More Thoughts on the Election

Throughout the bruising, relentless primary season I had many battles with other conservatives over who would be the best “ABR” (Anybody But Romney). Although we might have supported different candidates from Bachmann to Gingrich to Santorum to Paul, we all agreed that handing “next in line” Mitt Romney the nomination would have disastrous results in the general election. And as I said on the air last night, to my surprise I actually grew to like Mitt Romney during the course of the general campaign. Policies and record aside, he is a decent, generous, capable and accomplished man who would have made a much better President than the one we’re stuck with for another four years — even if I would have inevitably disagreed with him on some issues. I was resigned to the fact that we as conservatives would first have to oust Obama from the White House, then continue to reform the GOP and hold a President Romney accountable. All things considered, at least he loved the USA as founded and understood our exceptional nature.

Looking back at the debates in particular, it is astonishing that over 50% of the electorate could deliberately ignore the stark contrast between a respectful, intelligent and amiable businessman and a smug, arrogant man-child ostensibly holding presidential office but presenting himself as anything BUT presidential — especially in the first and last debate. Obama was petulant, petty, mean-spirited and just plain wrong in many of his accusations (e.g., bayonets) but by taking the “gentlemanly” route and allowing these unfounded insults and character assaults to go unanswered, Romney did himself and the USA a huge disservice.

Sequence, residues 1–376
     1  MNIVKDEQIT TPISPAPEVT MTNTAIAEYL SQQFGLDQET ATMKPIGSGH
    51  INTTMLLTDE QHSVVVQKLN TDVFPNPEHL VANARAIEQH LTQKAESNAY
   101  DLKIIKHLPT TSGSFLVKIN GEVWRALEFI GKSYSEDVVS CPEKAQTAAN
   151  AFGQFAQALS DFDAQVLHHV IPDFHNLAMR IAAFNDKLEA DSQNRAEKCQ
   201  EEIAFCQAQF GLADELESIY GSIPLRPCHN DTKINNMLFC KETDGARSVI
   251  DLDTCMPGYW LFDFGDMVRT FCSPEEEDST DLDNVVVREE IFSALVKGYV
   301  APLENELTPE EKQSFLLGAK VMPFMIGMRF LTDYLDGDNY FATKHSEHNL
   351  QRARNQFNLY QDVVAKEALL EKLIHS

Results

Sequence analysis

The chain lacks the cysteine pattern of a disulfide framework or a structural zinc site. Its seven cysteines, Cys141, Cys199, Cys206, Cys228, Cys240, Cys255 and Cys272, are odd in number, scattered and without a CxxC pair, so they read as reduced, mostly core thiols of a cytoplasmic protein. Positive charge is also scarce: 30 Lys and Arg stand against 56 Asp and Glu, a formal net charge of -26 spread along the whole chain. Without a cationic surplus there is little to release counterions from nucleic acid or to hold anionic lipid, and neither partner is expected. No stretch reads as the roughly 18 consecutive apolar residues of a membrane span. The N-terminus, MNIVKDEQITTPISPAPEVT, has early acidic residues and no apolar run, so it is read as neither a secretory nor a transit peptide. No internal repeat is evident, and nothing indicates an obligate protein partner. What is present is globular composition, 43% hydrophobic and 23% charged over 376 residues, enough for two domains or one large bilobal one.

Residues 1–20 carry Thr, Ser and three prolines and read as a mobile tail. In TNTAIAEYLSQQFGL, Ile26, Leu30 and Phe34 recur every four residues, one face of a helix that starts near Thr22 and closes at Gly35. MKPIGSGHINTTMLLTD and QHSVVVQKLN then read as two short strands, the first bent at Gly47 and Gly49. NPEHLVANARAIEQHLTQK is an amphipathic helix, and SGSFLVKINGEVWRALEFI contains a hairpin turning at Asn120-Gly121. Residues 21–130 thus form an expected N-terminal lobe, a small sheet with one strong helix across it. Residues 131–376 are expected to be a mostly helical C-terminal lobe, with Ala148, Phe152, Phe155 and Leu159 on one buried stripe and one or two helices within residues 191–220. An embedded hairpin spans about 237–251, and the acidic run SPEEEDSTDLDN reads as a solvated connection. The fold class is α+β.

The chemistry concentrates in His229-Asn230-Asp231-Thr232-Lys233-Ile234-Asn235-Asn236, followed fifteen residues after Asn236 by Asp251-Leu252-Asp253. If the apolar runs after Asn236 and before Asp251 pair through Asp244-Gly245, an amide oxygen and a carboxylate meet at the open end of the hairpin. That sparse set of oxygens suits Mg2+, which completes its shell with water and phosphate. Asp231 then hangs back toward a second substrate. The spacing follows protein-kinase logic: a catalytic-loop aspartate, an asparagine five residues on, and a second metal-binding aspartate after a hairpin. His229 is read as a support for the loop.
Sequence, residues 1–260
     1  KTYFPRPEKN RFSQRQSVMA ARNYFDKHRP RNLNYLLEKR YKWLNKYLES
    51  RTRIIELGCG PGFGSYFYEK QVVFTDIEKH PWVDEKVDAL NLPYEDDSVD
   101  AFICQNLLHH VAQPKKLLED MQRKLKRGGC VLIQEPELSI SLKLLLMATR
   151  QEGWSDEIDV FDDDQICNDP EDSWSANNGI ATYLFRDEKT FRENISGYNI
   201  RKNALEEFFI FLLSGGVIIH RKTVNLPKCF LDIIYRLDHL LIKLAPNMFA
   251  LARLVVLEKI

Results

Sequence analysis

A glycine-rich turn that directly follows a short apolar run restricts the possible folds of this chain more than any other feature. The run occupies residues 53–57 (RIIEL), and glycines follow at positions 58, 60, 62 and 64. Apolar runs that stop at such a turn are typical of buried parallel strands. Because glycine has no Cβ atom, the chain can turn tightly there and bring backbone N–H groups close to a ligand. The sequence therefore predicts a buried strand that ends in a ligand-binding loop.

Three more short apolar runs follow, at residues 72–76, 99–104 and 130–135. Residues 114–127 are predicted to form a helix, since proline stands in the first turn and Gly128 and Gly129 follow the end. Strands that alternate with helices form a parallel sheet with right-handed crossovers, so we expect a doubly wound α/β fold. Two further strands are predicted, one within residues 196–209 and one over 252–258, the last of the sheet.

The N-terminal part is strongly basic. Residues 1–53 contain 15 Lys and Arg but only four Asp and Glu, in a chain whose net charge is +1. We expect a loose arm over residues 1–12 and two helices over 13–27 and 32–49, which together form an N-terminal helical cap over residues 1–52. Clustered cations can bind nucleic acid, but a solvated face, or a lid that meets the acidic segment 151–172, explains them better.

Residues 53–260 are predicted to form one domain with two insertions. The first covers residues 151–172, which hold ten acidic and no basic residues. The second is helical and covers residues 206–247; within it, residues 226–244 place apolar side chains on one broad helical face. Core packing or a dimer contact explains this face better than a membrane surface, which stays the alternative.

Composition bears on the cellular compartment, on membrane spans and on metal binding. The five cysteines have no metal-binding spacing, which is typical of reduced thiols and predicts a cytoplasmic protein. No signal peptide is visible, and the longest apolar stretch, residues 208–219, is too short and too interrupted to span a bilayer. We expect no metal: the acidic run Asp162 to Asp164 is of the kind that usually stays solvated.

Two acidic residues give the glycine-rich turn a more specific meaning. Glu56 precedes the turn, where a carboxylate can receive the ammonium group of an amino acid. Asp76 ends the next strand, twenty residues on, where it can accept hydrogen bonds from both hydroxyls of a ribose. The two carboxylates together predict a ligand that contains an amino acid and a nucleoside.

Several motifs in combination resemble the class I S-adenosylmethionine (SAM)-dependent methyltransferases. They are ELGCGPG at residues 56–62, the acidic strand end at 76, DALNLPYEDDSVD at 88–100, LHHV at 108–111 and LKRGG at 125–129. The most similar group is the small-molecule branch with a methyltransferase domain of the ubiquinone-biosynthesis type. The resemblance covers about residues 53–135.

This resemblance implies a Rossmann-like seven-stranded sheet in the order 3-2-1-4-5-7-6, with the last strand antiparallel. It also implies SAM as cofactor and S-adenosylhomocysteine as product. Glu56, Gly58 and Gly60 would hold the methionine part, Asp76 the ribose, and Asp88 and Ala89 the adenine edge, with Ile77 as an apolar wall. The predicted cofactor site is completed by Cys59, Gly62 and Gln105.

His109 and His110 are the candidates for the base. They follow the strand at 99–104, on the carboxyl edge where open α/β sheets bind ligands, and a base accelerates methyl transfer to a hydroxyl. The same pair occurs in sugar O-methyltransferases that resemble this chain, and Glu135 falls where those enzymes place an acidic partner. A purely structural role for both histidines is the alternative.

Then again….I am reminded of why I fought so hard against his candidacy. As I noted months ago, sending the purveyor of Romneycare to go up against the inflictor of Obamacare was a losing proposition. Is it any wonder Romney never attacked his opponent on Obamacare’s onerous business-destroying provisions such as the 50-employee mandate, not to mention its inevitable rationing as evidenced by the IPAB — Independent Payment Advisory Board — 15 unelected bureaucrats who will determine who is “worthy” of necessary medical procedures?

Somehow I doubt a Rick Santorum, a Newt Gingrich, a Michele Bachmann or a Herman Cain would have made the same fatal mistake.

And as expected, with Obama’s victory all but ensuring full implementation of this disastrous socialized medicine scheme, the lay-offs have already begun. Those of us who never bothered to read the bill are now finding out what’s in it — and it’s not pretty. Too bad we didn’t have a Republican nominee who possessed the credibility to hang this albatross around Obama’s neck simply by informing the public.